Hot new export: prose passages from India
(Page 2 of 2)
As Mr. Mishra puts it, quoting an Indian novelist from the 1930s, "We are trying to convey in a language that is not one's own, a spirit that is one's own."Skip to next paragraph
Subscribe Today to the Monitor
Mishra himself played a midwifing role in the '90s boom: As an editor at HarperCollins, he discovered a then unknown Arundhati Roy in 1995.
In one way or another, most of the Indian-English fiction deals with the problem of identity. It derives from a world where, as a South Asian, one moves seamlessly from airport to horsecart and back.
At the end of Mishra's "The Romantics," Samar, the main character, returns to the ancient city of Benares. He visits an old friend - Miss West - who is leaving India after 25 years. In her house, where he fell in love with a dazzling French girl, first heard about American jazz and rock, and listened to breathless discussions about spirituality - he now finds only bare walls.
Gone are "All the photographs from Miss West's past, the pictures that had once given me such a wounding sense of faraway unattainable worlds, that had stirred so many inadequacies and yearnings in me."
"The East-West encounter has defined this country more than anything else in the past 150 years," argues the slightly built Mishra, who wears a tight-fitting Himchal cap. "You can't escape it - it is part of who we are. The problem is, we like to pretend it isn't true, which creates a split in us. As the world globalizes further, that split is becoming more pronounced."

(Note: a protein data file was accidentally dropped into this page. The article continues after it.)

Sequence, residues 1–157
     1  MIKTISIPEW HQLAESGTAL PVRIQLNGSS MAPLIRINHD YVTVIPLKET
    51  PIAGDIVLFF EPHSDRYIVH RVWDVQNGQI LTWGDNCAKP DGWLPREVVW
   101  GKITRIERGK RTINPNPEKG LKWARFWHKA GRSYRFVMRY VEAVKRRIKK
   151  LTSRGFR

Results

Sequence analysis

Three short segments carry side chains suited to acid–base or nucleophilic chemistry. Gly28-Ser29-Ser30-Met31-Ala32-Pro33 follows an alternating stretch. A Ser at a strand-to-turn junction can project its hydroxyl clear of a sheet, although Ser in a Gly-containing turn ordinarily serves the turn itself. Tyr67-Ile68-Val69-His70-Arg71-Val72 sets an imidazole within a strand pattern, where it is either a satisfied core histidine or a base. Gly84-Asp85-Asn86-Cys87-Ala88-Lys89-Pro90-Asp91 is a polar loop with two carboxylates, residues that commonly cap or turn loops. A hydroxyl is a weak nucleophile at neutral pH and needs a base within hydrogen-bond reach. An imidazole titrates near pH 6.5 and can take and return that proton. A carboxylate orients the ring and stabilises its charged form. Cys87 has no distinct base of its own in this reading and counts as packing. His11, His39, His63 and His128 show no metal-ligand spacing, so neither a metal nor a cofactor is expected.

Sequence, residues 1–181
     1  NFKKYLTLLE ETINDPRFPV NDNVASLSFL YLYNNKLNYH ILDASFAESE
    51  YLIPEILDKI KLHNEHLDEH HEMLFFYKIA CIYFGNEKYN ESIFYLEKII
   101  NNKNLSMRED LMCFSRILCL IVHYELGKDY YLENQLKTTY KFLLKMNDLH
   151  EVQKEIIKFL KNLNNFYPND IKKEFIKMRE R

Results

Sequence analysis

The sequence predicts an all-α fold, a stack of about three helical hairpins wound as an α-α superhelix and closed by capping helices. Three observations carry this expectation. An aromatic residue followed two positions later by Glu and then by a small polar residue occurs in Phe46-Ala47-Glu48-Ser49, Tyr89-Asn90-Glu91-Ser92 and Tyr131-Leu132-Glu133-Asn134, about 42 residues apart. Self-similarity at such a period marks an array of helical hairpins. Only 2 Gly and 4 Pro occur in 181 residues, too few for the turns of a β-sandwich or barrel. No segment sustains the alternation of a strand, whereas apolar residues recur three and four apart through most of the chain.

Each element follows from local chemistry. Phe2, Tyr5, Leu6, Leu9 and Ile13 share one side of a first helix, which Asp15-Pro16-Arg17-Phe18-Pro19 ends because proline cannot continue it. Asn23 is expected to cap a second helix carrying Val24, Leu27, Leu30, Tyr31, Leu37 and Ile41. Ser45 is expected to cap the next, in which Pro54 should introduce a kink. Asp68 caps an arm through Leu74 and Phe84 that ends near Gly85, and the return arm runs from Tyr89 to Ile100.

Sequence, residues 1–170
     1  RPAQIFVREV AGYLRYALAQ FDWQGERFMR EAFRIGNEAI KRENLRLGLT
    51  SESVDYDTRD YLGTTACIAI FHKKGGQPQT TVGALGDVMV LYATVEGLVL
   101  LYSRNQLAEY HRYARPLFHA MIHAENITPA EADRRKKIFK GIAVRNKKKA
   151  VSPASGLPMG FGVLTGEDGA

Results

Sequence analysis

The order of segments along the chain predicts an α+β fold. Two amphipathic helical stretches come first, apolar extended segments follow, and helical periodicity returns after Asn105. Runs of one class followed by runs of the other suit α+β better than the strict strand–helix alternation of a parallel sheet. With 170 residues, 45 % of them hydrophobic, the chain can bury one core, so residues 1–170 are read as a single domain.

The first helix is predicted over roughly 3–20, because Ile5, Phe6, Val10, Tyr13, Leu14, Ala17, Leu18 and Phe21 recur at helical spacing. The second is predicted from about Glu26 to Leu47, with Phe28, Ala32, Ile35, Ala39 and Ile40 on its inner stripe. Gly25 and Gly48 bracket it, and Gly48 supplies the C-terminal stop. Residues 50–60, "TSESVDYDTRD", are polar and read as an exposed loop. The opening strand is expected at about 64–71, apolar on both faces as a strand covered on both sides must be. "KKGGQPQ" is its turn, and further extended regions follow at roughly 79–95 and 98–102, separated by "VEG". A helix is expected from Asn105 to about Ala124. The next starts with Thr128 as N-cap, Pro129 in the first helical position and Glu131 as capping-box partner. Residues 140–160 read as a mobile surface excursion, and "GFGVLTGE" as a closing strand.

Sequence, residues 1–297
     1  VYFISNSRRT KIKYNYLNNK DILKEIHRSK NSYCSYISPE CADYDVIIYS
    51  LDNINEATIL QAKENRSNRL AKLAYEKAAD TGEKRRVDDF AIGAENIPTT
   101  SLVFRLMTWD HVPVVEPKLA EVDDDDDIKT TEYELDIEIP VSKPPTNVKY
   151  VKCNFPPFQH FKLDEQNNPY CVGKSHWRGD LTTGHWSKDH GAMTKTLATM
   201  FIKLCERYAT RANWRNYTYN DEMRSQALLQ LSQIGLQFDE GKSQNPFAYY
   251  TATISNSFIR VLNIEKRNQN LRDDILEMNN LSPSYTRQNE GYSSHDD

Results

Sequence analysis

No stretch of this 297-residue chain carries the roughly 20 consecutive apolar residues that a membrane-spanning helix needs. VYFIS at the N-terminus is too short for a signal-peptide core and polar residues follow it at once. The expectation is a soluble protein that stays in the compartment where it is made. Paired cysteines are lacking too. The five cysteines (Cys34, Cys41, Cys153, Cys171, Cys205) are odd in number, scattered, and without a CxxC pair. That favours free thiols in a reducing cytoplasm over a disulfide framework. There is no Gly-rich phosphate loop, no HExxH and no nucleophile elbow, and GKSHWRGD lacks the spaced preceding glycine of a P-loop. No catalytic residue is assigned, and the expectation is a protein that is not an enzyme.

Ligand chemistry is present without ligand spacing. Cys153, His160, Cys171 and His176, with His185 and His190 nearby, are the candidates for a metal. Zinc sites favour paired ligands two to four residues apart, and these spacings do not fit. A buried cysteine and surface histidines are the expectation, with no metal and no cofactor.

In this sense, Mishra's characters tread near the darker psychological modalities found in the work of Trinidad-born Naipaul, an ethnic Indian whom Mishra admires. Mishra's India is often a world of corrupt and petty officials and unloving family members - though it is also a place of great beauty.
"The problem is one of identity and self, and the limited means people in a developing country have for emerging out of those smaller identities," Mishra continues. "It is often overwhelming. In a complex and strange way, partly due to the past, Indians are being made and unmade in ways we aren't even aware of."
Mishra's earlier book, "Butter Chicken In Ludhiana," is a brilliant but sneering tour of his own small-town Indian roots. Today Mishra confides that he no longer feels "so superior." His new work is more generous and sympathetic, he feels.
In Mishra's East-West encounter, finally, the hope comes from an affirmation of a clear identity for individuals, despite their losses. He refers to Naipaul's "A House for Mr. Biswas," which some Indian writers argue is one of the great novels of the 20th century.
"In that novel you have a clear vision," says Mishra. "A group of people come to an island. There is a rising out of centuries of darkness and ignorance.... They try to build and create something new and good - but fail. That is the colonial story. But what's unsaid and relevant is that you have built for another day."
(c) Copyright 2000. The Christian Science Publishing Society